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  Biographies : Keno Don Rosa

Gioachino 'Keno' Don Hugo Rosa was born the 29th June of 1951 in Louisville (Kentucky, U.S.)

His father was born in Italy and was a kid when his family emigrated to United States ; his mother's family was in the country for a long time, despite of its German and Irish-Scottish origins.

The little Keno experiences a happy childhood in the city of Saint Matthews, then later in a house near the freeway ‘US 42’ freeway. He grows reading his older sister ‘s comic books collection, particularly Carl Barks’ stories which impress him a lot. Even before he can write, he draws some comics himself, asking his parents to fill the balloons. For him, drawing is no the most important : it is telling a story that matters.

At the age of ten, he throws all of his comic books as well as his sister’s, excepted his two favourites. He will start shortly after a large-scale collection that he will stop in 1985, not appreciating their style anymore (he will own up to 40000 comics), and in which all those he had thrown before will notably appear. At school, the young Keno is a pretty brilliant student ; that doesn’t prevent him to draw occasionally during the class about their content ; but on the other hand, he never took any drawing class.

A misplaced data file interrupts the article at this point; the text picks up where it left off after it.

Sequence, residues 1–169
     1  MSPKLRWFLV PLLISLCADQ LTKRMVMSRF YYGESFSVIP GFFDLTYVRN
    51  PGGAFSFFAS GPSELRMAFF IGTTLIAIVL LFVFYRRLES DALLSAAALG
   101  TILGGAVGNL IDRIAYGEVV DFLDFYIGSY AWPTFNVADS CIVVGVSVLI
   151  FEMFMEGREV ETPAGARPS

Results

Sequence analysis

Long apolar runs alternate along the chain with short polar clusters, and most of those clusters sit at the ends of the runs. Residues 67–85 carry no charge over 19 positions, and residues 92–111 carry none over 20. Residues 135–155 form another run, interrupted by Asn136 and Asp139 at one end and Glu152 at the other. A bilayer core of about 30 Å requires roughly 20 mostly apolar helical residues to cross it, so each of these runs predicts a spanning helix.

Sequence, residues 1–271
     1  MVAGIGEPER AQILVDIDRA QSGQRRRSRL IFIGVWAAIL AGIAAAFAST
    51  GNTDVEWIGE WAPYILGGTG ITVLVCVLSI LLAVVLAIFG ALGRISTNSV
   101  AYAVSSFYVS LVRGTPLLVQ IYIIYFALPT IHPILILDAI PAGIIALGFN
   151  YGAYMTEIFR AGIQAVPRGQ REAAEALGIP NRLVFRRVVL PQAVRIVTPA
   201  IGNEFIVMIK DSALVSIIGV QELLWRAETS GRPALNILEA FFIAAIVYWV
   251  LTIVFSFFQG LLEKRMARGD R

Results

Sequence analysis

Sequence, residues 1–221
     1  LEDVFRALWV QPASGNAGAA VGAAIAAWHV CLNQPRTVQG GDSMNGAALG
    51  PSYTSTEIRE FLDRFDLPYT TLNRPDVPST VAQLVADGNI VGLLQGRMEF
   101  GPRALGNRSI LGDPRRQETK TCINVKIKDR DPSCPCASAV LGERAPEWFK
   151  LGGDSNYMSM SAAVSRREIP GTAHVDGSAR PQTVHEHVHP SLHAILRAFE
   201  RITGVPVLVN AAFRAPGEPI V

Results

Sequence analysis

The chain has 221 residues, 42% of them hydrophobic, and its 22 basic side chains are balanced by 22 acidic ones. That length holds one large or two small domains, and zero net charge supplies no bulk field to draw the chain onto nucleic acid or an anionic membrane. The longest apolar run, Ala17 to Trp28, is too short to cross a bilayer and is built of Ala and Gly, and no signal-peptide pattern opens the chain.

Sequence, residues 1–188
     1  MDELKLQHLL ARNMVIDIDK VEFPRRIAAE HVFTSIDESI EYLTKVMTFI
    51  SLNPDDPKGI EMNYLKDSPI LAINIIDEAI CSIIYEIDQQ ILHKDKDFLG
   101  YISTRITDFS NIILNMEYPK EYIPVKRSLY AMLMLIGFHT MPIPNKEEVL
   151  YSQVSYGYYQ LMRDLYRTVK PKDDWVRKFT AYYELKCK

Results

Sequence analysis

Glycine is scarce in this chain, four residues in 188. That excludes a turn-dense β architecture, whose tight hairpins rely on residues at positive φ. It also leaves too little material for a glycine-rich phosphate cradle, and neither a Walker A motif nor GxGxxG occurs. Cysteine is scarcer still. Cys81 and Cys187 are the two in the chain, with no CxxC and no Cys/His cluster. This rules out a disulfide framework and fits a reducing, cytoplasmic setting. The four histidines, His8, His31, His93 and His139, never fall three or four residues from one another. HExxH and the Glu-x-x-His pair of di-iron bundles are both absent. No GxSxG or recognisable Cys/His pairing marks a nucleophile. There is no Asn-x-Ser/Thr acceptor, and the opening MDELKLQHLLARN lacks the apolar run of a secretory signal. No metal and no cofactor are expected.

In 1969, he goes to the University of Kentucky, from which he graduates as a civil engineer in 1973. It is during those years that he writes his first real comics. He indeed takes part in the students’ paper, the Kentucky Kernel in which he carries out editorial drawings, advertisements, graphics and above all a daily strip : the « Pertwillaby Papers » where the hero, Lancelot Pertwillaby, is Don Rosa himself. After a semester, he is allowed to put his characters into a treasure hunt story, called « Lost in (an alternative section of) the Andes », in the best Barks tradition and written thinking very strong about other web-footed characters…

After graduating, Don Rosa start working from the bottom in the « Keno Rosa Tile Company », which had been established by his grand-father and taken over by his father, with the intention of becoming the boss one day. At the same time, between 1974 and 1979, he takes over, illustrates and develops the column « The Information Center » of the largest and oldest fanzine of the country on the subject : The Rocket’s Blast Comicollector. That’s how he becomes quite famous in United States to comic books collectors answering the reader’s questions about it, but also about old TV series and movies, or publishing indexes of all sorts, as he already did in 1971 for a fanzine (« An index of Uncle Scrooge comics »). Between 1976 and 1978, he also goes back to the « Pertwillaby Papers » in the form of comics for some fanzines.

From 1979, for lack of time, he devotes only his spare time to carry out weekly episodes of « Captain Kentucky » for the Louisville Times ; this character is the superhero alter ego of Lance Pertwillaby. In 1980, he marries a school teacher, Ann Payne, on a tropical beach, bare feet and wearing a T-shirt. The couple still lives together in Louisville and Ann has now retired. They never had children. In 1982, considering that the game isn't worth the sweat, he stops all activities in either drawing or writing until 1986, even if he remains nevertheless a collector.